Chancellor scraps NI increase

13/01/2021. London, United Kingdom. The new Business Secretary, Kwasi Kwarteng. Picture by Pippa Fowles / No 10 Downing Street

The new UK chancellor Kwasi Kwarteng has confirmed the proposed 1.25 percentage point rise in National Insurance will be reversed, from 6 November.

He has also revealed before his mini-budget that health and social care levy will be cancelled through a new Bill.

The Health and Social Care Levy (Repeal) Bill, legislating for the tax change, has now been formally introduced into the House today.

Chancellor of the Exchequer Kwasi Kwarteng said:Cutting tax is crucial to this – and whether businesses reinvest freed-up cash into new machinery, lower prices on shop floors or increased staff wages, the reversal of the levy will help them grow, whilst also allowing the British public to keep more of what they earn.”

In direct reposnse CIPFA Health and Social Care Policy Manager Dr Eleanor Roy said: “The chancellor’s commitment to maintain the £13bn funding, despite axing the health and social care levy, is welcome. But if this is to come from general taxation, it may be at the expense of other parts of the already stretched public sector. We hope that tomorrow’s mini-budget provides further detail.”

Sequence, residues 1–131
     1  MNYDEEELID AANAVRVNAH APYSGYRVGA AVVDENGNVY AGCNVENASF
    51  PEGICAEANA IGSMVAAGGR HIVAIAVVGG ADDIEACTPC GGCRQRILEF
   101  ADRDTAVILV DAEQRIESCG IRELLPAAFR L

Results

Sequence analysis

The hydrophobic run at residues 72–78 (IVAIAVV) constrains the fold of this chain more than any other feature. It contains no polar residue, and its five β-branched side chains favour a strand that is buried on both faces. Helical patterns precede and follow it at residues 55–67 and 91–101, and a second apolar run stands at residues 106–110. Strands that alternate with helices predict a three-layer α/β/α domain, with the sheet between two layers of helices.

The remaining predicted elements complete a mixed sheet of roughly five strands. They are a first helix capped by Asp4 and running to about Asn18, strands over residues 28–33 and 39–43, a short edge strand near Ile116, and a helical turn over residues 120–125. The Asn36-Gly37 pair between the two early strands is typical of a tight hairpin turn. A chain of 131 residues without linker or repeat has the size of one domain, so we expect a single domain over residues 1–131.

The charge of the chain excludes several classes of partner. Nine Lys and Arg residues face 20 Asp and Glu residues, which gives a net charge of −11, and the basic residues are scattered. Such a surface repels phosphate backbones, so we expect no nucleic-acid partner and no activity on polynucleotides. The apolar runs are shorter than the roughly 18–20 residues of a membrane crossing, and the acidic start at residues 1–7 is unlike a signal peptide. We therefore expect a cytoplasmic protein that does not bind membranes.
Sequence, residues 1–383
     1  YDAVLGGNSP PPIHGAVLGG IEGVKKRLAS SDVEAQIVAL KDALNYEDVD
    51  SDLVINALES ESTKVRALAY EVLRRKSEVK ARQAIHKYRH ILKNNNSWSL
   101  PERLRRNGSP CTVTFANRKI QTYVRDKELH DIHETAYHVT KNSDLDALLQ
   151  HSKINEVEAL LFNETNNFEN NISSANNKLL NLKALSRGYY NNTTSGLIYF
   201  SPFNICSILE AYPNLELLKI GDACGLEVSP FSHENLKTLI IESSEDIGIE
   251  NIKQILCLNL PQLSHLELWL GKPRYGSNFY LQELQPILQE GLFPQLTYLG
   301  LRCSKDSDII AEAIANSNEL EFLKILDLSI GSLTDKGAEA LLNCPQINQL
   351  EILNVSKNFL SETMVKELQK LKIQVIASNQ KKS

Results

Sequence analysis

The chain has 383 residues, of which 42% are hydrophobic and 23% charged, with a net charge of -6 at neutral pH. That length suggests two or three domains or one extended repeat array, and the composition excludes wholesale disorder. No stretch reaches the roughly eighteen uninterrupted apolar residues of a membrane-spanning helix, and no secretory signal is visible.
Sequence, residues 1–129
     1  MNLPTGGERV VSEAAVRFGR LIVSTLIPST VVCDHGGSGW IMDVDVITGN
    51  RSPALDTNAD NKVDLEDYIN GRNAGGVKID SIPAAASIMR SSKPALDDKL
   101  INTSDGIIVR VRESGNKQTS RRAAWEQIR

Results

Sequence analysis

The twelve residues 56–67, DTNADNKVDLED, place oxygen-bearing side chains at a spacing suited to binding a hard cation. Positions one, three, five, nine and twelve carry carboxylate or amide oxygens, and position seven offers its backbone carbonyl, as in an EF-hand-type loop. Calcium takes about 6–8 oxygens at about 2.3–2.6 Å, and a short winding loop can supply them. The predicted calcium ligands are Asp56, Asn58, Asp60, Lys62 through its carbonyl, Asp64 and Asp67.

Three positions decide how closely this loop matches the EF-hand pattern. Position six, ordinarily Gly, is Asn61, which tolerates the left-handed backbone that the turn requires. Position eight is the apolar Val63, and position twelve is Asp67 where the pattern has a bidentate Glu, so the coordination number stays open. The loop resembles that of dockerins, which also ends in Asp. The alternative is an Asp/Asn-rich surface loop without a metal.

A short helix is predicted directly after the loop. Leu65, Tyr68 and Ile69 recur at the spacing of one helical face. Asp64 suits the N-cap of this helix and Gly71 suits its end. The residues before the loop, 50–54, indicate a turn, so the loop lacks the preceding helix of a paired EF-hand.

“As winter approaches, the health and care sector will once again be stretched to its limits. The secretary of state for health and social care said that the ‘Our plan for patients’ policy paper represents a first step on an important journey. But it will have to be followed by some bigger strides if it is to provide the long-term solutions needed to put health and care services on a sustainable path.

“The return of the £500m Adult Discharge Fund is welcome, but as ever the devil will be in the detail. Where will this money come from and how will it be channelled? At first glance it appears to do little to solve the wider issues of delayed discharge such as capacity constraints in NHS community care.

“The inclusion of preventative services is also welcome, but seems much narrower than the previous commitment to establish a baseline and assess preventative investment overall.

“All in all, this is another missed opportunity to tackle the long-standing pressures across health and social care.”